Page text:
Local brands have potential to keep Singapore relevant

Local brands have potential to keep Singapore relevant

Veteran diplomat Bilahari Kausikan has reminded us that Singapore is a small state, and staying relevant must be the overarching strategic objective of small states ("Small? Become extraordinary"; Wednesday).

He adds that Singaporeans do not sufficiently appreciate that Singapore is a small state in a vulnerable part of the world.

This may be so because many Singaporeans think it is the Government's job to keep the country relevant to the world. And since it is doing such a good job, there is no need for individuals to care too much.

This attitude is reflected in domestic politics, as the electorate begins to voice demands for greater preferential treatment from the Government. This is worrisome for the future of our country.

To maintain our economic success, our Government has always been open to foreign talent in order to attract multinational corporations (MNCs). But MNCs can take us only to a certain point on the economic ladder.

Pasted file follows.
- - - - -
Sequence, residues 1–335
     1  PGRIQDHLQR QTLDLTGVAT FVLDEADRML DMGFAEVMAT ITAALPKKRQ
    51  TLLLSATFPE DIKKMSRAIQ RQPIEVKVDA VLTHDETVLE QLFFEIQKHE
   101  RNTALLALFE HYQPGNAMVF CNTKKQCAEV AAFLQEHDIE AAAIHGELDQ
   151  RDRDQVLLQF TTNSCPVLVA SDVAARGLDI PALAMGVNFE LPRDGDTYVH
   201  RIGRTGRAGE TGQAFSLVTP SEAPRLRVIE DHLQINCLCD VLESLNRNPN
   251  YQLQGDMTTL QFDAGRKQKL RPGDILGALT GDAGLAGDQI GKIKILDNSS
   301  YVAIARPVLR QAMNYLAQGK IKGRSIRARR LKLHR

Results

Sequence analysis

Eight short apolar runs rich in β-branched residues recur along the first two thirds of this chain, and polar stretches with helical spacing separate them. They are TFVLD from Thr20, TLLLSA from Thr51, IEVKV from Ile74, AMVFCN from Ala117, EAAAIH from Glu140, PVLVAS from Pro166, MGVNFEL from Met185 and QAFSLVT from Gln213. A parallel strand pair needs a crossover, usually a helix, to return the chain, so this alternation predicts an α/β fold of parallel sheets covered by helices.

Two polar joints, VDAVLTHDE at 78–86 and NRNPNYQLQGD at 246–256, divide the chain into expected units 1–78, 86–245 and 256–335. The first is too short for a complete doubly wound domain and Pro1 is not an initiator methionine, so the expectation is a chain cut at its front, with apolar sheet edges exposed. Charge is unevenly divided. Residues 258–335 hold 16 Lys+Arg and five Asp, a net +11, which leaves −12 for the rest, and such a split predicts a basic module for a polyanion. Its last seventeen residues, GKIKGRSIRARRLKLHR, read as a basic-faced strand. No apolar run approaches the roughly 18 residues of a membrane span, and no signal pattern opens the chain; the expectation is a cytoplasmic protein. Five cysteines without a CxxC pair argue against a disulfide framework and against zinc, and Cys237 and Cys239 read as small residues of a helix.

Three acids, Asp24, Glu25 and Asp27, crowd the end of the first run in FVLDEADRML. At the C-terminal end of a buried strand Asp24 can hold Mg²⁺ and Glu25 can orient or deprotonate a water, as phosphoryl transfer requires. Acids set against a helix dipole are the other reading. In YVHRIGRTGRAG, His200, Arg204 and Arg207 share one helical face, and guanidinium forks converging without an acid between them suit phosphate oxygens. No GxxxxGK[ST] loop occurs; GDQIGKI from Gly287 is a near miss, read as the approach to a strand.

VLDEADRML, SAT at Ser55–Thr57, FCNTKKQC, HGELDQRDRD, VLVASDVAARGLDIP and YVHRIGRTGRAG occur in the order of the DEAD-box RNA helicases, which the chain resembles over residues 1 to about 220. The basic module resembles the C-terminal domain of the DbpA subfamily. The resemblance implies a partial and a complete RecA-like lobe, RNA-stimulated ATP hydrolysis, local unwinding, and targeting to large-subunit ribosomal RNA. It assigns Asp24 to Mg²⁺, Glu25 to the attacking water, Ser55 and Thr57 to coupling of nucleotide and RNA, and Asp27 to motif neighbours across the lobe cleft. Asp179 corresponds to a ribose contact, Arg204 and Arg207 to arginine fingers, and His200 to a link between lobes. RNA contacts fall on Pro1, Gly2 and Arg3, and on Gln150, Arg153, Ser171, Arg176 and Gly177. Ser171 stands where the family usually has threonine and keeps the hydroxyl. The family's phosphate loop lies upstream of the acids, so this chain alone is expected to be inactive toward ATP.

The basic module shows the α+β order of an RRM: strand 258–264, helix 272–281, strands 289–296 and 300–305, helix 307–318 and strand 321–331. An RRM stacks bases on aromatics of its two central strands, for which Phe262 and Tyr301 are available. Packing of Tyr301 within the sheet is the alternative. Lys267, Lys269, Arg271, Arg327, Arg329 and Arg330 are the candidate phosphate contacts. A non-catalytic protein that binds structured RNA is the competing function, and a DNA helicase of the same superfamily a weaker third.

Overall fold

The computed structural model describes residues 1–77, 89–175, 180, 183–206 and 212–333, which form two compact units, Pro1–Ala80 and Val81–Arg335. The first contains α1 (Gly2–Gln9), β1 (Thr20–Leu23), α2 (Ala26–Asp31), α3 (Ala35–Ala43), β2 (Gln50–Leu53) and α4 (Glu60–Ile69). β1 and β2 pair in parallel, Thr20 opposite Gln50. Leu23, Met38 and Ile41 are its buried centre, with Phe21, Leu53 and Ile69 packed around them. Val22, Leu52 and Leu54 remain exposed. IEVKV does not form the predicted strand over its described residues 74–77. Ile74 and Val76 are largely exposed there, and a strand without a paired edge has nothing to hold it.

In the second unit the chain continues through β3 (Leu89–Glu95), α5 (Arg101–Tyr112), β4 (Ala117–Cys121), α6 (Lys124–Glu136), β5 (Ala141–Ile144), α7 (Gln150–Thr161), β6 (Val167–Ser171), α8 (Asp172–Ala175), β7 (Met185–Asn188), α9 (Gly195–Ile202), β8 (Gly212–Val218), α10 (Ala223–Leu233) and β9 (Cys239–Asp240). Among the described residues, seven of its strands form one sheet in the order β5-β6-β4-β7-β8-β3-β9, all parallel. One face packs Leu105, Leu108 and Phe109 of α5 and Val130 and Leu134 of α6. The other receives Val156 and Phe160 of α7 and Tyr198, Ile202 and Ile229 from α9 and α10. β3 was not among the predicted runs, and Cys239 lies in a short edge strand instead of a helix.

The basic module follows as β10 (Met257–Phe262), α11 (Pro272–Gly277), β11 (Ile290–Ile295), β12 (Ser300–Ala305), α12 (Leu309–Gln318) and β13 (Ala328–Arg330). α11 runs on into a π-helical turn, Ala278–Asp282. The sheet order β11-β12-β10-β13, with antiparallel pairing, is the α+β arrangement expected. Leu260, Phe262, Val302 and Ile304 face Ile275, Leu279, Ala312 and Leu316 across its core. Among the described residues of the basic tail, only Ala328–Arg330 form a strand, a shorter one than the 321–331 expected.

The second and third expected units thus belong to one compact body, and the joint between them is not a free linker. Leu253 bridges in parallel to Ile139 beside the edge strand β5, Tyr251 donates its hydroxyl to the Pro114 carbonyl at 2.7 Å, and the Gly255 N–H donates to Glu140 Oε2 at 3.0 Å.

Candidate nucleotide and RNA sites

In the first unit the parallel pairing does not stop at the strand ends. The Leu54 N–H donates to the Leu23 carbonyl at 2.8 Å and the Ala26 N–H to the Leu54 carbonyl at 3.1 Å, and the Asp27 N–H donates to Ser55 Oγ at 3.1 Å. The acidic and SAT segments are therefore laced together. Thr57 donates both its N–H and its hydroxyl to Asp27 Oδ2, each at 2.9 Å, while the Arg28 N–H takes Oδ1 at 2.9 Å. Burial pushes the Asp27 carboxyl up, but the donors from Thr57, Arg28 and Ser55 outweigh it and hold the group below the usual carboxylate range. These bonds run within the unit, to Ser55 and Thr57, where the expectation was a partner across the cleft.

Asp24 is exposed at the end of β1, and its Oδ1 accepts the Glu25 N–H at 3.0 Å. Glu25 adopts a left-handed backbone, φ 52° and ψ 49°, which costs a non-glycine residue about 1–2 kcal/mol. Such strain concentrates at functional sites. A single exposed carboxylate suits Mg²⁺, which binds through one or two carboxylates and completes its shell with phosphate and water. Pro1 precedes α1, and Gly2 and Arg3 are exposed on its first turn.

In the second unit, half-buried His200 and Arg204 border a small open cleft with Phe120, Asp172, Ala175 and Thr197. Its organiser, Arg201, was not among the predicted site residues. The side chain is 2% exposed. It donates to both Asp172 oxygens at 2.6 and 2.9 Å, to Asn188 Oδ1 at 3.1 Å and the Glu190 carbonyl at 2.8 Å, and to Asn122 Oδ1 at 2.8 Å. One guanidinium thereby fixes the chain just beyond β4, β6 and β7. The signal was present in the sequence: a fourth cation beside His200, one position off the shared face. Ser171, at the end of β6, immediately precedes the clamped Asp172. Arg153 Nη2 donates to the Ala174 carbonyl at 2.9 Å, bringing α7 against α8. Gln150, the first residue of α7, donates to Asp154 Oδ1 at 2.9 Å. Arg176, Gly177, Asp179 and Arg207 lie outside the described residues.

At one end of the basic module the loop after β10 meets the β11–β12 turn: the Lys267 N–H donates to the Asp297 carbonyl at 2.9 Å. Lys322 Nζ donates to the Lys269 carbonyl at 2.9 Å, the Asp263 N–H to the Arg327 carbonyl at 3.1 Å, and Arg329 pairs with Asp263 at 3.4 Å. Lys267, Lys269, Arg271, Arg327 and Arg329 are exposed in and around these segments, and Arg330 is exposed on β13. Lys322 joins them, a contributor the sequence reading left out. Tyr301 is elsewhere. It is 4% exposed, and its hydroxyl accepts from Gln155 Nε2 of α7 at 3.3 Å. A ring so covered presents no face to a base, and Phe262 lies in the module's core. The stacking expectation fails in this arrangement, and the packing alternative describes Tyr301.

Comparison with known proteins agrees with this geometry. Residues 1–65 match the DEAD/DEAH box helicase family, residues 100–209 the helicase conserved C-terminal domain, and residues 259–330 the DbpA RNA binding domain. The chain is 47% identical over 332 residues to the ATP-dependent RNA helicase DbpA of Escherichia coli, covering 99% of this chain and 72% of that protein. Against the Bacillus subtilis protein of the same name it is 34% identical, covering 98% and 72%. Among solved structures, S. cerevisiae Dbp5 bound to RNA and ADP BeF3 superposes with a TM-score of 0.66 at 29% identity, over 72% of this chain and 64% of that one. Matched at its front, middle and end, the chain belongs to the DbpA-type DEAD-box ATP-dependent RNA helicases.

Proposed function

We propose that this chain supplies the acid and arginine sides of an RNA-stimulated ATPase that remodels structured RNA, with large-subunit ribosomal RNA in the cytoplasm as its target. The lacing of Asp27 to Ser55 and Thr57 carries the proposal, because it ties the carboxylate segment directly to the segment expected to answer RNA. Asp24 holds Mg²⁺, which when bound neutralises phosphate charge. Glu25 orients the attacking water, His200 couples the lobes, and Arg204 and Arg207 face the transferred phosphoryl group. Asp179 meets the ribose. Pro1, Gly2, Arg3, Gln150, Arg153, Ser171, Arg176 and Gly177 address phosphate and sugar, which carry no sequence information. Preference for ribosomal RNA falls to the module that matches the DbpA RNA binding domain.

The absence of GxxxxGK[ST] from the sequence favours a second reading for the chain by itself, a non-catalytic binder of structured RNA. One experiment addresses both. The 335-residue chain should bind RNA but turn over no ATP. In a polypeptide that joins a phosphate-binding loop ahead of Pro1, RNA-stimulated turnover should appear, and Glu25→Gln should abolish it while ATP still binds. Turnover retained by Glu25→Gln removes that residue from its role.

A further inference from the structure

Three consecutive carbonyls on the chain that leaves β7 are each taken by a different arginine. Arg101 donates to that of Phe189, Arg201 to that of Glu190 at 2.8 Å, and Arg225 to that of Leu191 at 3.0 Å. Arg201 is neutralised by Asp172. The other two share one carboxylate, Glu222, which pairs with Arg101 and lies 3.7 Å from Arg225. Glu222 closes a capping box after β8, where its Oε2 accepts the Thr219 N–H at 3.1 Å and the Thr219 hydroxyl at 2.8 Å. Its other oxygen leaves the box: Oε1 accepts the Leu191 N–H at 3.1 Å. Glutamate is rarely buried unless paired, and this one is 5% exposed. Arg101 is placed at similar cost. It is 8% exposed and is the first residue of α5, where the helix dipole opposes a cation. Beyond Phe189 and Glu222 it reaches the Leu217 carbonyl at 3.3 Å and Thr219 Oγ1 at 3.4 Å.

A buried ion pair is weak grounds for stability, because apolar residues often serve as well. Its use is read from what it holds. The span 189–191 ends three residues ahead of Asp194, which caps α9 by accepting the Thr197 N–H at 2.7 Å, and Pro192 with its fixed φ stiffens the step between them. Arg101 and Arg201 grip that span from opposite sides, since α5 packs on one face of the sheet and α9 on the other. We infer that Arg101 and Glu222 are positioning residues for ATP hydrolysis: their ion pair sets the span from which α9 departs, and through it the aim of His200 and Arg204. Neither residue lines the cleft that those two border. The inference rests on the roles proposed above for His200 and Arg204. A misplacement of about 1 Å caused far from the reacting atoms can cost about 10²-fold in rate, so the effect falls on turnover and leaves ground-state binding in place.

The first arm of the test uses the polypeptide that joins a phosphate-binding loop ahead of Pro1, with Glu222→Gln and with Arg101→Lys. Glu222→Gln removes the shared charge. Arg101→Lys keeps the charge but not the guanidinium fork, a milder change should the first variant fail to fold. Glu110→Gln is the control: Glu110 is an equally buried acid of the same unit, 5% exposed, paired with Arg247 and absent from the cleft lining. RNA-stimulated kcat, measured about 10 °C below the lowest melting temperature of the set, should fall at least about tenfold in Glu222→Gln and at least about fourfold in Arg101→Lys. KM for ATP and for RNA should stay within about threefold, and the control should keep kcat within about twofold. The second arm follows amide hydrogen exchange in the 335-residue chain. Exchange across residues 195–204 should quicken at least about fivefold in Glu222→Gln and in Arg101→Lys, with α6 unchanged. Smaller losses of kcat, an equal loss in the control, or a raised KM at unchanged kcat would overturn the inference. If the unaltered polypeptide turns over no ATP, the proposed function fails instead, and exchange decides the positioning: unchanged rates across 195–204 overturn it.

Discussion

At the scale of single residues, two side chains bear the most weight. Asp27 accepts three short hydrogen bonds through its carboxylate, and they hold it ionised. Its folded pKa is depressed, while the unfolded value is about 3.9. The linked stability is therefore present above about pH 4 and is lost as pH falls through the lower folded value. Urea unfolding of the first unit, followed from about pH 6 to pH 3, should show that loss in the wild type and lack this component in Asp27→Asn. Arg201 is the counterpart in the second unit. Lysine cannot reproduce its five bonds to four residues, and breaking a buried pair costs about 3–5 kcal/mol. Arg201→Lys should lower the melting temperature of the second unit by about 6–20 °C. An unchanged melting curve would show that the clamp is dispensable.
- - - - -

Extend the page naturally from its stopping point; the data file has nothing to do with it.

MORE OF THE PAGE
Singaporeans and Singapore companies need to think about providing goods and services that are relevant to the world, to extend our economic influence.

A good example is Nestle. Founded in Switzerland in 1866, it is the largest food company in the world by revenue, with operations in 194 countries. However, as a group, it remains firmly Swiss.

With a strategic imperative in mind, hopefully more Singaporeans will think about the impact on our nation before they decide to cash out on iconic local brands like Tiger Beer or Crystal Jade.

Like the foreign owners, Singaporeans need to recognise the potential of these brands to grow global and extend the relevance of the little red dot.

Liu Fook Thim


This article was first published on January 31, 2015.
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